The lack of a Historical perspective may well prove to be the undoing of our nation. Once a people are divorced from their past they live in the Eternal Now and those who set the agenda can always change now.
The nightly newsreel rolls and we watch in fascination as our friend and ally Japan struggles to regain its bearings after nature’s devastating one-two-punch seems to have set them up for a potential nuclear knock-out. Boosting the ratings of the wall-to-wall news channels we sit for hours glued to the scenes of devastation waiting to be amazed by the most recently discovered views of water overtaking land in a world where every phone is a video camera. The destruction of this latest mega-tragedy is reminiscent of World War II after America paid back Pearl Harbor in spades and today’s situation even has an atomic twist at the end. One major difference is that this time we are all praying that our partners in the land of the rising sun won’t have to surrender.
Today America faces an economic earthquake and a social tsunami. Our leaders have spent us into the poor house. Our melting pot has become a smelting pot. Our social glue consists of eating at the same fast food restaurants and watching the same game shows. Reality shows are more popular than reality. Our President fiddles while Rome burns more concerned about b-ball brackets then about a 14 trillion dollar debt, two wars, and a world aimed at meltdown. The only event able to hold the administration’s interest is the 2012 election and their obsession to maintain their grasp on power.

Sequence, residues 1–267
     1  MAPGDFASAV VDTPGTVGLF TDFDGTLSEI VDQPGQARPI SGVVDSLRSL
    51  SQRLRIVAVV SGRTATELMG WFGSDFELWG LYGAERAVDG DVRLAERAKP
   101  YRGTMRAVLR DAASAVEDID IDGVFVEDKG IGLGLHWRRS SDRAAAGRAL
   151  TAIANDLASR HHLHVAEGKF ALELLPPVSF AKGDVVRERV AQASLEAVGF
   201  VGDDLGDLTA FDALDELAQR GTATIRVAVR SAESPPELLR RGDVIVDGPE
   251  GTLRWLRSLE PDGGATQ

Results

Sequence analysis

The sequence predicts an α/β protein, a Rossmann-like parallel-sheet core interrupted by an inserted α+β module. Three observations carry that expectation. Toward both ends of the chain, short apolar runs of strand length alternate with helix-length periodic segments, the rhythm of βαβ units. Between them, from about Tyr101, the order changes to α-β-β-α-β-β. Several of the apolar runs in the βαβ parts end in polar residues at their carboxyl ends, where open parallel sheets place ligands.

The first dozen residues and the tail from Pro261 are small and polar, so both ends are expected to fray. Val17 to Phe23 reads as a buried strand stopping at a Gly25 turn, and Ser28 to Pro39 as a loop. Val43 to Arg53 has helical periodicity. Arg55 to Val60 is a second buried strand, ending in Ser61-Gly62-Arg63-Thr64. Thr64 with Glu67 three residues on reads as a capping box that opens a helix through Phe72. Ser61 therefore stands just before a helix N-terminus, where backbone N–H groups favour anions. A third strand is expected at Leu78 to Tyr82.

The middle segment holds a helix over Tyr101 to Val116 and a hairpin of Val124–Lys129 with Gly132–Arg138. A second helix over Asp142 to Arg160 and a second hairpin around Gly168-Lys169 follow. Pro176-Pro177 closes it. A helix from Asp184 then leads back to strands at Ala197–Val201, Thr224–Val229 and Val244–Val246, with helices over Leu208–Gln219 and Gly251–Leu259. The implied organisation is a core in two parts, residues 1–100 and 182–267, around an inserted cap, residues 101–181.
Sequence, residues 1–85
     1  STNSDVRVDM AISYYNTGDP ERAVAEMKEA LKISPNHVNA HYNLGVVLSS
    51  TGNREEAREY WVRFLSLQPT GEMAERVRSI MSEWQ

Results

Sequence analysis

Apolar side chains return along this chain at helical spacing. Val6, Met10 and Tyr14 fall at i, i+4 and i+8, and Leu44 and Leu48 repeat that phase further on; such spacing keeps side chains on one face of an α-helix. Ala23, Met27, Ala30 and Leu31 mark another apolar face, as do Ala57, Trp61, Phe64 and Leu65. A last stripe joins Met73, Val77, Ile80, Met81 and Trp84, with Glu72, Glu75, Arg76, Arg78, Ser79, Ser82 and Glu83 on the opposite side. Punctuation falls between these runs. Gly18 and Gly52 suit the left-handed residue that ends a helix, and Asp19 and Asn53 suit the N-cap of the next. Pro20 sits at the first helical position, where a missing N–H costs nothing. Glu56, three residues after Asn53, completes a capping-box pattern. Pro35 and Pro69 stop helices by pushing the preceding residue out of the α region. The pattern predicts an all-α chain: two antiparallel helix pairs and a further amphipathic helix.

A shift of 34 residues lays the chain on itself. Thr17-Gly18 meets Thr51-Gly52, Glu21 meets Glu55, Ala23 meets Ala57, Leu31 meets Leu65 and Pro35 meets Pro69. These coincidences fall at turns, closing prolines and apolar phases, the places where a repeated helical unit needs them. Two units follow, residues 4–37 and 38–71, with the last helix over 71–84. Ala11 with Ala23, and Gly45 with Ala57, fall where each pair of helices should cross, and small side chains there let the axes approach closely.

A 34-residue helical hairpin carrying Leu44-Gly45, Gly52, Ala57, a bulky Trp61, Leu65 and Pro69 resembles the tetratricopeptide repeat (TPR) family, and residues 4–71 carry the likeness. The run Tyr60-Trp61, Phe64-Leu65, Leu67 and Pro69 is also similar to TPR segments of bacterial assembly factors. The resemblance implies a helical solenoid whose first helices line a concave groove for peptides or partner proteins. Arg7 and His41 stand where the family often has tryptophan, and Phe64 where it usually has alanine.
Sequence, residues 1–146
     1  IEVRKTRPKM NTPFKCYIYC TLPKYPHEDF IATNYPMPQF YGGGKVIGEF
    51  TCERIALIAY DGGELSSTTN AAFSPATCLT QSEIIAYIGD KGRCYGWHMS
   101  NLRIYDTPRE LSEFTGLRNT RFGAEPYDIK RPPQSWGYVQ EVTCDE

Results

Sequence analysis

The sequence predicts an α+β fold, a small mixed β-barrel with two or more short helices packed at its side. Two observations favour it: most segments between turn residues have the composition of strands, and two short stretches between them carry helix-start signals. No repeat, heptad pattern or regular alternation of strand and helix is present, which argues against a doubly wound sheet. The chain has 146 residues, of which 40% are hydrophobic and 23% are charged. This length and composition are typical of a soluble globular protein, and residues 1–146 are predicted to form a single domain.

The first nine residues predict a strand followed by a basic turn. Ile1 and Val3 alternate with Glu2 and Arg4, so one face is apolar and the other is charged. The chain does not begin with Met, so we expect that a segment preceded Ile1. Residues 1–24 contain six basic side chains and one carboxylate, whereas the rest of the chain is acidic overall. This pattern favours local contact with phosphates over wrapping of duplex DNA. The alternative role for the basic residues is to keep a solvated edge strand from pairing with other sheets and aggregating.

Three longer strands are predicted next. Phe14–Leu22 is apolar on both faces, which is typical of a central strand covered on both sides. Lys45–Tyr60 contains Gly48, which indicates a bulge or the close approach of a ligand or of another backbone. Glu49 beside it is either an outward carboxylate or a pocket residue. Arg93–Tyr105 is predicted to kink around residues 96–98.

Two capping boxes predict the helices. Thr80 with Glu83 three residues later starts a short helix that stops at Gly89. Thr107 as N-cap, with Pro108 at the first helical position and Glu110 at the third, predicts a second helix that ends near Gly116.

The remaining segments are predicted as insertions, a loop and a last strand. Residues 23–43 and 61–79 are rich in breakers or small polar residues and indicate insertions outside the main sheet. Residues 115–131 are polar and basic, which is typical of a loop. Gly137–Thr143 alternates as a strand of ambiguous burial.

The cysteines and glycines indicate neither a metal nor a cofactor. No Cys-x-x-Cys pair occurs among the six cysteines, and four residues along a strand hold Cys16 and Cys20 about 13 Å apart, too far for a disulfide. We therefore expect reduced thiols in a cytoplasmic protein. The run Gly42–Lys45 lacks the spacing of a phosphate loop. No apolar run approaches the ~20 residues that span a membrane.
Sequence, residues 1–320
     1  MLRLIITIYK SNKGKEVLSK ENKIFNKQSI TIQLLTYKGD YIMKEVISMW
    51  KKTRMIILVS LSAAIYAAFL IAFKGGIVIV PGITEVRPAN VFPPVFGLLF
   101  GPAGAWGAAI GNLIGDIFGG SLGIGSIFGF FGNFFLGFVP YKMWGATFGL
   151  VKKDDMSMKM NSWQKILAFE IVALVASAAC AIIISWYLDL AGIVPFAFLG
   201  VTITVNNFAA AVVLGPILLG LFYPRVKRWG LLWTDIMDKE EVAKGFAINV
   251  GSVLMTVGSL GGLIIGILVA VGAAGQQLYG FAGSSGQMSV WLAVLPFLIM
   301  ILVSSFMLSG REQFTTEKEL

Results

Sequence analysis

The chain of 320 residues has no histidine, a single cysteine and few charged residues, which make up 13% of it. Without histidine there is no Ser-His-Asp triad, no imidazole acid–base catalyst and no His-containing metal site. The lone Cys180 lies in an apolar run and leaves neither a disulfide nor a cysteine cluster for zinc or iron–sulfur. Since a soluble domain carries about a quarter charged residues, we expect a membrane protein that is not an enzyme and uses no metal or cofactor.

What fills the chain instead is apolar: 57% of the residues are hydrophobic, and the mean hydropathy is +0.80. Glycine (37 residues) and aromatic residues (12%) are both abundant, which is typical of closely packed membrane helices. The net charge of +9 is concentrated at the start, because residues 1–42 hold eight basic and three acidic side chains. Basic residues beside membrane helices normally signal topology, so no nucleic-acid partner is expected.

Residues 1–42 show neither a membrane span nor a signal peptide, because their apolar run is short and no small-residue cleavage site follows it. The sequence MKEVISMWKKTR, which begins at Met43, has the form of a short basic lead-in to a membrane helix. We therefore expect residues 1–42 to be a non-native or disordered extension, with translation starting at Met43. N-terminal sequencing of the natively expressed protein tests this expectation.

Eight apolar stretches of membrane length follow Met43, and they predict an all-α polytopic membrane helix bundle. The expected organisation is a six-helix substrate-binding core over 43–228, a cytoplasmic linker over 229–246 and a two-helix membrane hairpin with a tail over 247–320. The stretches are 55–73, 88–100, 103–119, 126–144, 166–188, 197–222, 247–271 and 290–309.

The lack of a Historical perspective may well prove to be the undoing of our nation. Once a people are divorced from their past they live in the Eternal Now and those who set the agenda can always change now. The study of History not only provides context it also provides an endless number of lessons, illustrations, and warnings.
The magnitude of the calamities currently assaulting Japan cannot help but bring to mind the terrors of total war. In all our wars only one ever visited such destruction on our homeland. In the Civil War the North adopted a policy of total war to destroy the South’s will and ability to fight. After the South under a string of brilliant generals culminating in Robert E. Lee handed the Union defeat after defeat Grant and Sherman were able to convince Lincoln of the necessity of wonton destruction of civilian as well as military targets.
Flush with victory Lee launched his first invasion of the North in 1862. He marched into Maryland, a slave state which stayed loyal to the Union more because of an occupying army then because of popular sentiment. Lee’s goal was to defeat the Union Army and lead Maryland into the Confederacy thus surrounding Washington DC, probably winning foreign recognition, and possibly winning the war.
The previously invincible Army of Northern Virginia led by arguably the greatest tactician America has ever produced met General George McClellan and the Army of the Potomac at the Battle of Antietam for the bloodiest day in American combat history. More than twice as many Americans were killed or mortally wounded at Antietam on that one day than in the War of 1812, the Mexican War, and the Spanish-American War combined.